And We Wonder Why Some Girls Aren’t Physically Active?

This morning a colleague sent me this article from about another ban on head scarves for Muslim female athletes. When I see this and other  stories, it makes me recommit to the work I do at The Tucker Center.

It its well documented that females are less physically active than their male peers at all ages, and that girls of color are less physically active than their White counterparts. There are two great reports that summarize the plethora of research on girls, physical activity and health and developmental outcomes–The Tucker Center Research Report: Developing Physically Active Girls (2007), and The Women’s Sport Foundation’s Her Life Depends On It (2009).

Some of the work I do with my graduate student Chelsey Thul, examines the barriers to physical activity of East African girls here in the Twin Cities. We have the largest East African diaspora in the US, and the East African girls in our community find in very challenging to be as physically active as they’d like to be.  They talk about wanting to be physically active but also desire to remain true to religious and cultural norms. If you want to see a great film that documents the challenges Iranian Muslim women face who desire to compete in an international soccer match with a German team, be sure to watch Football Under Cover.

The story illustrates exactly how challenging it can be for Muslim girls and women to be physically active. When are leagues and sport organizations going to enact inclusive policies that encourage and facilitate physical activity and sport participation for EVERYONE?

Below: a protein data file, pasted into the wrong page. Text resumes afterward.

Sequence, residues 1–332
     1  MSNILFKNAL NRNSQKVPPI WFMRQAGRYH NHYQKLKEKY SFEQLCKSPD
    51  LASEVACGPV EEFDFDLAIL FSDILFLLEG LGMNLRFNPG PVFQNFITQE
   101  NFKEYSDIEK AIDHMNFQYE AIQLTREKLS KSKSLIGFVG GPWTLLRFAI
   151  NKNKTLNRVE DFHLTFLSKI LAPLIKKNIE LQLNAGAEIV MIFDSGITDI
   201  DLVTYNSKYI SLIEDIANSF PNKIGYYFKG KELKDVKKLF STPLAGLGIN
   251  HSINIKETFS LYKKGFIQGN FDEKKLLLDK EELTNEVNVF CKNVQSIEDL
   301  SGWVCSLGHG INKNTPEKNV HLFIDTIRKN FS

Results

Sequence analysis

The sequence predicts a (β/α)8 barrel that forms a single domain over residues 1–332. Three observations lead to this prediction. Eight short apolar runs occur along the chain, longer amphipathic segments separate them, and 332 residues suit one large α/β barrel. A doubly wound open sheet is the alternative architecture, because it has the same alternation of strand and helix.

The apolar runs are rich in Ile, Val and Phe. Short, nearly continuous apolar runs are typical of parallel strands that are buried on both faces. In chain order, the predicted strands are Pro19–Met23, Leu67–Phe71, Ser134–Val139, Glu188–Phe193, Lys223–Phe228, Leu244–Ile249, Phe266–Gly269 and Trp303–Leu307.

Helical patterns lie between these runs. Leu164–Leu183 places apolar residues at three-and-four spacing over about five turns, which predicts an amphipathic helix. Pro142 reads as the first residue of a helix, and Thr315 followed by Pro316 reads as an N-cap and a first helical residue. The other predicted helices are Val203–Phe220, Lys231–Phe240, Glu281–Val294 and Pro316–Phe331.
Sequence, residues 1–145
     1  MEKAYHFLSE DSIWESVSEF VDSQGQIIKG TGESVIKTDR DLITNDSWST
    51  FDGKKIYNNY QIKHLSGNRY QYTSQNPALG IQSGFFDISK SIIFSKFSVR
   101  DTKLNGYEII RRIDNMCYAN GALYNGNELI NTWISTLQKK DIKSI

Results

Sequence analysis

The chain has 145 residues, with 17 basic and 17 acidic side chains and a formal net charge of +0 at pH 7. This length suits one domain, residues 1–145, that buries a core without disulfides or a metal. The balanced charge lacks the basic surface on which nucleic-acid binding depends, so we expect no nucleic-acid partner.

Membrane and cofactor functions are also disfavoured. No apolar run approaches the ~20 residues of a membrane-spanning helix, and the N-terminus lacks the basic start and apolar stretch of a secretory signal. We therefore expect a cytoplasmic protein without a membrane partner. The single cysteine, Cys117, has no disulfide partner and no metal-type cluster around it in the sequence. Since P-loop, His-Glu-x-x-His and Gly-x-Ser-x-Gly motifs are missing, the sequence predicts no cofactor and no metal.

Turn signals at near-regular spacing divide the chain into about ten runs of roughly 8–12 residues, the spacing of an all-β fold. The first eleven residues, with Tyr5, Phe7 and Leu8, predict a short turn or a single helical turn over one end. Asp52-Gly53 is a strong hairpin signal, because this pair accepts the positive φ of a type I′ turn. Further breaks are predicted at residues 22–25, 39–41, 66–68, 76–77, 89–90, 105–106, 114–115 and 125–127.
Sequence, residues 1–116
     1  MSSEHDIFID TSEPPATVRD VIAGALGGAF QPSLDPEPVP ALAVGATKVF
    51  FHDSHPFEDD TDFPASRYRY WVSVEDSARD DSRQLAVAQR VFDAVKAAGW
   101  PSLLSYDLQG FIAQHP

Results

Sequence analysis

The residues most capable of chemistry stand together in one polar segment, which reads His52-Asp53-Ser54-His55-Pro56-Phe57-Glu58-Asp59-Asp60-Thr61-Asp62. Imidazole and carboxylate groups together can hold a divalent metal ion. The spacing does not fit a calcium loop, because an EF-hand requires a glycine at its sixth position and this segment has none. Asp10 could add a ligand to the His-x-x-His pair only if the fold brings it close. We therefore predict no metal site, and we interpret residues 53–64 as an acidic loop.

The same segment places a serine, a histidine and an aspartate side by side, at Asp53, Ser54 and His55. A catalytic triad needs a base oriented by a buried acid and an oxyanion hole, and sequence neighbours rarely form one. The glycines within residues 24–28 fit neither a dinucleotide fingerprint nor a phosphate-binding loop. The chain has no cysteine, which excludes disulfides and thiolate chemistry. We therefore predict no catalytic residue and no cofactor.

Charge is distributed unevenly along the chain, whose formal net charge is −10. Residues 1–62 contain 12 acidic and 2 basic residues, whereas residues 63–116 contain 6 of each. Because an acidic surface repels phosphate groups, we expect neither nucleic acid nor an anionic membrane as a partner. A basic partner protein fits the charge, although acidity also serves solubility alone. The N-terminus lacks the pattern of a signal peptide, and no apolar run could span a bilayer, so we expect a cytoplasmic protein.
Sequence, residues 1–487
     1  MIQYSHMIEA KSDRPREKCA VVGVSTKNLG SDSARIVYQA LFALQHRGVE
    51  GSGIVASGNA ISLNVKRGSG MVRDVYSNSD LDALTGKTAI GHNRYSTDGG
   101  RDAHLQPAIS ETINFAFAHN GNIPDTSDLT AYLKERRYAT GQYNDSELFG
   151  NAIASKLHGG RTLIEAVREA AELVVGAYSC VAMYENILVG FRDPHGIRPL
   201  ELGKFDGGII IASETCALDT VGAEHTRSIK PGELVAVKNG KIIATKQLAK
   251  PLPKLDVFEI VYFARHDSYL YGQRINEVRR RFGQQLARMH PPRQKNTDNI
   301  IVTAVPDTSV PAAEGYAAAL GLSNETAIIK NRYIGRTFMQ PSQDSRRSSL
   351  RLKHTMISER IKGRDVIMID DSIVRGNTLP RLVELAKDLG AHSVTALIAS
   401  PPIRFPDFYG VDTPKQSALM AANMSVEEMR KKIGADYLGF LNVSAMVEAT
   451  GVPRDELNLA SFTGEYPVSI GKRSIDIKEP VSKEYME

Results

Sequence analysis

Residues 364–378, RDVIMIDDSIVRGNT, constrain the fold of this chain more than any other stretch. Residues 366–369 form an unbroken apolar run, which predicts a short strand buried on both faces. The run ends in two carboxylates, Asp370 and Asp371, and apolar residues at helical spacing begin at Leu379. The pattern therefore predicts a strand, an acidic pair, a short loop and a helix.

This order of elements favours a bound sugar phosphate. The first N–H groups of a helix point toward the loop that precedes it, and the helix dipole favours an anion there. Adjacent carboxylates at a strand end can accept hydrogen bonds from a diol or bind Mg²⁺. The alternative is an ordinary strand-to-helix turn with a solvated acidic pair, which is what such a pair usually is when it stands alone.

One Reply to “And We Wonder Why Some Girls Aren’t Physically Active?”

  1. I forcefully agree with your main argument, but I just read on additional thing that made me tick…

    The first sentence of the second paragraph is
    – out of topic
    – biased
    – depicting categories of population as victims

    When something is depicted as self-evident (or well documented, or accepted as certain, etc…), it is usually for lack of ability to deliver proof. There are only two exceptions to this:
    – “Cogito, ergo sum” – Rene Descartes, founder of rationalism
    – “We hold these truths to be self-evident” – US declaration of Independence

    Other instances of self-evidence without logical proof behind them invariably hide judgemental statements… most of the time implying serious political statements. And don’t get me started on guns in the US…
    I’d just say: beware those statements, they undermine credibility with discerning people.

    Nonetheless, I do agree with your main point of conflict between sports and the tchador (muslim veil)…

    Best regards,


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